In India today dozens of stone craftsmen are working on Iraivan projects, and other sculptures for the monastery. Here the YA step, one of the NAMASIVAYA steps up to the sanctum, is being carved. The finished side is away from us.
Meanwhile, the major project in Bengaluru is the carving of the Nandi Mandapam, shown here (though the 45-foot-tall flagpole is just barely seen at the top of the drawing). This little temple within a temple will have some of the most elaborate and detailed sculpting of all, and a charming Nandi will sit contentedly within his stall.
Nandi the bull represents the ego or personal identity of each soul and also the desire for realization of God. He sits in front of the flag pole, beholding Siva night and day.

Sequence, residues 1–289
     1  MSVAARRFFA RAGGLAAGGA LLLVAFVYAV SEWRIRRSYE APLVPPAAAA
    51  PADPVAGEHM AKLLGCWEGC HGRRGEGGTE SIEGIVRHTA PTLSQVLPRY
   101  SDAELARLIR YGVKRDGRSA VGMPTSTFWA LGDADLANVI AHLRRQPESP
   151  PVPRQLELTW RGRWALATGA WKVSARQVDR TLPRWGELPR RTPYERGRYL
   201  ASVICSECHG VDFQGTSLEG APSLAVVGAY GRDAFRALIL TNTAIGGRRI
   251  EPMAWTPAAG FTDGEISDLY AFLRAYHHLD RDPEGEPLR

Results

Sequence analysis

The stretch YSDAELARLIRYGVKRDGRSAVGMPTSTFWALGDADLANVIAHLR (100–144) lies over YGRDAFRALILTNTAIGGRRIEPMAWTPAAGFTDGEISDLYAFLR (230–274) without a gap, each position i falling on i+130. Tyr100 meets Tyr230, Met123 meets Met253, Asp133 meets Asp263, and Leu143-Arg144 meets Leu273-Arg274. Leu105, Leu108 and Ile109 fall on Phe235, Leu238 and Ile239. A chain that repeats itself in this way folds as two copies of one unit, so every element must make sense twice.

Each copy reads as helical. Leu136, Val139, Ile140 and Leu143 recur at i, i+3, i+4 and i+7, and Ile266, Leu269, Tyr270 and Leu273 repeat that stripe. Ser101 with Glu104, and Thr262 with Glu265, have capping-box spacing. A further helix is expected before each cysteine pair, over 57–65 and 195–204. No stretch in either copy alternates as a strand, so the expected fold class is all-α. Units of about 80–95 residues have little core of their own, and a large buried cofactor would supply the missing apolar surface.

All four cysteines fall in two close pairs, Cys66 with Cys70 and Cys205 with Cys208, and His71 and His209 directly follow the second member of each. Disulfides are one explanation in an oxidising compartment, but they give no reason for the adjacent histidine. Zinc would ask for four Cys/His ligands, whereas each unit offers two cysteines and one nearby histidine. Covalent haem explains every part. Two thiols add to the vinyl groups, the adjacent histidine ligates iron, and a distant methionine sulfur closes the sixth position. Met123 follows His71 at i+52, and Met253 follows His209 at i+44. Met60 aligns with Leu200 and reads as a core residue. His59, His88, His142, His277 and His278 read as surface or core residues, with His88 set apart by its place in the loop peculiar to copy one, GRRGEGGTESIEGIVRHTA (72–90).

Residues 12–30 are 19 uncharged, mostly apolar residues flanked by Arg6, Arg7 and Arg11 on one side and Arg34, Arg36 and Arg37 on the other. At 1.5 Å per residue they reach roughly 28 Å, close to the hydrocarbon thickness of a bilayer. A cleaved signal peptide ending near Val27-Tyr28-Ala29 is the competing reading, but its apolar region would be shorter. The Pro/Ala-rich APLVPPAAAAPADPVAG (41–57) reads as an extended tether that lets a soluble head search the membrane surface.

This is the top of one of the 12 pillars.
The pillars are small, as you can see.
Part of the roof stones.
It's a large project that most of the silpis in India are now focused on under the able direction of the Jiva Rajasankara family.
"Temples with multiple deities can be confusing, especially for today's Hindu youth. For clarity, we need to bring forward a more precise understanding of the different Hindu denominations and how the different Gods are viewed from within each denomination. For spiritual advancement it is best to focus on one deity and get to the vibration that deity. When we hear teachings from various Hindus, it is important to understand and identify which denomination they are speaking from. This will avert confusion when that teaching gets contradicted in a different context where someone is talking about the same subject but from a different philosophical background."
Bodhinatha reviews the main characteristic of Saivite philosophy and practice with an indepth focus on the four stages of religions evolution, chariya, kriya, yoga and jnana. He highlights how this shows that Saiva Siddhanta is unique and quite from the modern practice of Hinduism as Vedanta